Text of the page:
R U OK Day aims to promote conversation to encourage connection – simple right? Yet so many of us struggle with loneliness and suffer from mood disorders such as anxiety and depression which only encourage us to further shy away from the simple act of connecting with another human being. To promote awareness of R U OK Day, and their tag line “A conversation could change a life”, this months blog is dedicated to mood disorders and what natural medicines can offer in the way of help.

Anxiety and depression affect around a quarter of Australians. Our rate of antidepressant prescriptions, per capita, is the second highest in the world, and this is increasing at an astronomical rate of about 25% per year. To understand the root causes of disorders such as anxiety and depression, its important to understand that these disorders are not merely a simple brain chemical imbalance, but rather involve a ‘whole’ person, including what they eat, how they live, the connections they have, the stress they suffer and whatever other ailments are going on in their body and lives.

I recently heard Dr Kelly Brogan, author of ‘A Mind Of Your Own’, speak at a conference (http://kellybroganmd.com/). She gave the analogy of an anxious person who has to go to a party. To cope, they have a few alcoholic drinks beforehand to calm their nerves. With a few drinks under their belt, they happily attend the party (momentarily) anxiety free. From this example, we could conclude that anxiety is a deficiency of alcohol, because it’s alleviated (momentarily!) when treated with alcohol, yet we all know that this is simply not the case. This is the same with mood disorders such as depression or anxiety. There is so much more at play than a simple or single, nutrient or neurotransmitter deficiency.

Antidepressants known as SSRIs, work on enhancing serotonin levels. Serotonin has been dubbed our ‘happy chemical’. Serotonin, however, has a multitude of other actions in the body, and those actions are dependent upon many other body chemicals and nutrients being balanced too. Approximately 10% of our body’s serotonin is located in the brain, the remainder in our gut, which suggests a role beyond merely mood regulation. Antidepressants have whats termed a ‘therapeutic delay’, in that they take about 6 weeks to kick in. If depression was only a lack of serotonin, as has been the train of thought for decades, then depression should get better with medication to increase this right? Unfortunately for many people, this isn’t the case, so there must be more to it..

Back in caveman days, the areas of our brain responsible for expressing fear, kicked in to warn us of danger, to alert us of the need to escape in order to survive. These days however, we don’t generally find ourselves literally having to run for our lives, instead, we express the same type of physiological fear from aspects of our 24/7 modern day world. We feel the same ‘caveman’ stress, but from things like social media instead. We suffer ‘FOMO’, or fear or missing out, when we see pics land in our news feeds, resulting in activation of the same parts of the brain as when we had to run away from becoming dinner for some beast.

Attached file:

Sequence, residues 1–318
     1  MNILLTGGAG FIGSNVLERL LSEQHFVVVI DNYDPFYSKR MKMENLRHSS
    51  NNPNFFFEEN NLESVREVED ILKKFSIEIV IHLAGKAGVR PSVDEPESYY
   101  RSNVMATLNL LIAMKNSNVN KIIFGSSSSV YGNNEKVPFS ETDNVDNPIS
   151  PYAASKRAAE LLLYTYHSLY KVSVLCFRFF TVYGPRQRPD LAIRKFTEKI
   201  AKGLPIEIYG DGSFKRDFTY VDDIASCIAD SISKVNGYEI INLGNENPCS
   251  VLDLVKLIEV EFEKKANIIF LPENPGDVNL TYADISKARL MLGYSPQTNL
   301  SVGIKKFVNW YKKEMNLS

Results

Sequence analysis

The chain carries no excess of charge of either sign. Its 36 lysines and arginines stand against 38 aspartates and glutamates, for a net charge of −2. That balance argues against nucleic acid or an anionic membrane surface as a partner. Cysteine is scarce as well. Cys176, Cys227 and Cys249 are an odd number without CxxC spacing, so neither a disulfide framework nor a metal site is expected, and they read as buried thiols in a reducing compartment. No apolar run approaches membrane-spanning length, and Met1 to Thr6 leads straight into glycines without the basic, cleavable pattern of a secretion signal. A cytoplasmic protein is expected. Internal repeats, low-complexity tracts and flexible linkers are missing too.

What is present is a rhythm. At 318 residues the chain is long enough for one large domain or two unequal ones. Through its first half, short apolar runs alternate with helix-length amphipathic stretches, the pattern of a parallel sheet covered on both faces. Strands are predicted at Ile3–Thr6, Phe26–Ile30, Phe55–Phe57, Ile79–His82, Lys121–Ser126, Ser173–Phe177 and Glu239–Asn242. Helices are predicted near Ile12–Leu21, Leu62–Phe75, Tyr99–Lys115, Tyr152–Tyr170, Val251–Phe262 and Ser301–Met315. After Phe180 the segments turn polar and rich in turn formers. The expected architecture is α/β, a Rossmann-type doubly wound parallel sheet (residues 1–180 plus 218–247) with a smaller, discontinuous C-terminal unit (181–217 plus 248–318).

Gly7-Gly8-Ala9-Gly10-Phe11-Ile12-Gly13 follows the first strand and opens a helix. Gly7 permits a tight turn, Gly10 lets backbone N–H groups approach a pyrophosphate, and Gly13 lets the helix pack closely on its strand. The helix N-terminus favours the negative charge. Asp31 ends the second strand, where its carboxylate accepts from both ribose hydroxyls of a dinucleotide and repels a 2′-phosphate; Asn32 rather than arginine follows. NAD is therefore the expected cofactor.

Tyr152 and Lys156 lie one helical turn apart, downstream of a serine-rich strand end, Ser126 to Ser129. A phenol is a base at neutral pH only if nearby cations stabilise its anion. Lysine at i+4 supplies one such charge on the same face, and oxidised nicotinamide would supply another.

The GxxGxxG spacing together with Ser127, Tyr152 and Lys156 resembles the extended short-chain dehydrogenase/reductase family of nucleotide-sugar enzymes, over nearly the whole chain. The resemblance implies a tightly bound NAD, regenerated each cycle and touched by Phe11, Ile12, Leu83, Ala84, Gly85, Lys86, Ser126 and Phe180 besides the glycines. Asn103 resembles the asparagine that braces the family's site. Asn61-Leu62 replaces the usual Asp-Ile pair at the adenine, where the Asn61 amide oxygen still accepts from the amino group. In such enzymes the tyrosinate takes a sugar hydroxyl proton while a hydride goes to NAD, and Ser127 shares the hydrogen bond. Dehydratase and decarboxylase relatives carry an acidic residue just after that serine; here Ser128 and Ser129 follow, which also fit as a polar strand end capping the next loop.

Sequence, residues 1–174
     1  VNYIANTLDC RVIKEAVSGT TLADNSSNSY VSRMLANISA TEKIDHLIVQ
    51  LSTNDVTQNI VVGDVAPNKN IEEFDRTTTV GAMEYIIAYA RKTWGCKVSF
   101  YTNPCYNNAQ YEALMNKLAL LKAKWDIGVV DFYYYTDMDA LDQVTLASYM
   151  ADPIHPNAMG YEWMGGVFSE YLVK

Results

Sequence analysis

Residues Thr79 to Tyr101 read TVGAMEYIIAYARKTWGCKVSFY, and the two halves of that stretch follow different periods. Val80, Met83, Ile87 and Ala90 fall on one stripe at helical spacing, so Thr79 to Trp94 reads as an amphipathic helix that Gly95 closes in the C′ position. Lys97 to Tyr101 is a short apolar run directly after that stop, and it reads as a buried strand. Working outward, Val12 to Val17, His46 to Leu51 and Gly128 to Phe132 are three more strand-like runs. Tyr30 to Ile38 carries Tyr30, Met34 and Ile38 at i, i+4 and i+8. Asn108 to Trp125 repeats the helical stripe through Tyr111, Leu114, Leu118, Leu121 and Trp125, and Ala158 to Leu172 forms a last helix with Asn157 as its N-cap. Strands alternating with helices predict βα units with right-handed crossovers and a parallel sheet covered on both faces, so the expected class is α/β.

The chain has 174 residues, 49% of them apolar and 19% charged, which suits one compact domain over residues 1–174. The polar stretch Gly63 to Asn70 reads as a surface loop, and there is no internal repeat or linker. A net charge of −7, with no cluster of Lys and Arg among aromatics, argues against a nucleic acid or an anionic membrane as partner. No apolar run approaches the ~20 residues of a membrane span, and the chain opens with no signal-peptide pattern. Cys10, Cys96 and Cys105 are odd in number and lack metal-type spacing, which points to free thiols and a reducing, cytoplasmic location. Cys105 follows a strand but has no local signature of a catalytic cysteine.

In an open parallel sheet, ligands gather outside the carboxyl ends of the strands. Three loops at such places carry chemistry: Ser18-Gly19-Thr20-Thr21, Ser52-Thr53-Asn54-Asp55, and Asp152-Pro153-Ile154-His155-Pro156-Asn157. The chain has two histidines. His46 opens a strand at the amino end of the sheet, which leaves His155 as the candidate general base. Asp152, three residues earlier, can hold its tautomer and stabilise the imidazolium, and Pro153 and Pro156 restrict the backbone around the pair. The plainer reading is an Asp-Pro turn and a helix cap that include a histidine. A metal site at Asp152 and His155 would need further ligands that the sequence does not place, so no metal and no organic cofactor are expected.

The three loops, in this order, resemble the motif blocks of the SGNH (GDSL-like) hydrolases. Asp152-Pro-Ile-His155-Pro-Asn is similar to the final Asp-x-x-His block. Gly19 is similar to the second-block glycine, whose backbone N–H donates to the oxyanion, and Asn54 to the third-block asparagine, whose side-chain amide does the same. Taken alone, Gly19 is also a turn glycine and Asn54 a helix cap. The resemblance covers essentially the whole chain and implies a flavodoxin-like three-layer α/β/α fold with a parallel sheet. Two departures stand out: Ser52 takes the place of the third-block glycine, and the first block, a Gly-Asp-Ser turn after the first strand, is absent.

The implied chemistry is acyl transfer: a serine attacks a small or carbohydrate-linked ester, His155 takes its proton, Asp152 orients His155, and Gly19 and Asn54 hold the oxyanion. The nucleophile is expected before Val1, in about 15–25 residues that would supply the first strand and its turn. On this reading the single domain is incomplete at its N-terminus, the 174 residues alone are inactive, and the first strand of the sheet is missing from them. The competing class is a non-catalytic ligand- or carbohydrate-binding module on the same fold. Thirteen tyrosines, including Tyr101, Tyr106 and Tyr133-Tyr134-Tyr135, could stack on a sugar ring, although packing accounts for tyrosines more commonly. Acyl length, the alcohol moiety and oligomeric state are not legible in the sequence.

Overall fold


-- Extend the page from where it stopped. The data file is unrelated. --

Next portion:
Logically we know it’s not the same ball park, but our brains still activate the same areas whether we are running for our lives or feeling anxious over what we’ve just seen (or missed out on!) on facebook. Our stresses have gone from being primarily physical, to ongoing psychological ones.

For my part, treatment of any mood disorders simply has to consider all lifestyle factors. The underlying drivers of these disorders need to be reviewed for every individual. Treatment also involves the use of herbal medicines and nutrients specific to that person to support a healthy mood, to decrease the effects of stress and support the needs of their physical body. Eating a whole food, anti inflammatory diet is one of the most important considerations. This includes eating foods in the way that nature made them, as opposed to a diet of heavily processed foods.

Depending on where the person is at, I may focus on supplementing nutrients to get the person feeling better initially, and then start looking at the bigger lifestyle stuff such as diet. Its an individual journey for all of us. We all have different levels of coping and this needs to be addressed individually. Some needs bite sized chunks of info, others want to throw everything possible at it straight from the start. Dietary change, especially major dietary change, is hard. It is the ultimate goal however, and we work towards that at the level that suits you best. Food is medicine after all. As the saying goes ‘with every mouthful, you are either feeding dis-ease, or fighting it’.

Knowing which nutrients to harness in order to balance physical ailments and to help balance our brains can go a very long way towards getting you to feel better. Stress plays such a huge part in our modern day world, it can literally shrink areas of the brain that whisper “it’ll be ok” when we need that, and can grow areas of the brain responsible for fear and aggression (hello anxiety!).

At Saltuary, all our of therapies work at decreasing stress. Specifically, our Chiropractor Mark, runs a Sympathetic Dominance program to help calm down a stressed ‘system’. To read more about Mark’s work, go here:

https://saltuary.com.au/our-therapies/chiropractic/sympathetic-dominance/

As a Naturopath, I also do a lot of work with people with an array of mood disorders, as does Lisa, our Acupuncturist, who has specialist training in using acupuncture for mental health. To book in with any of us and get confidently back in the drivers seat of your life, call and make a booking today.

In calmness.. tiina xx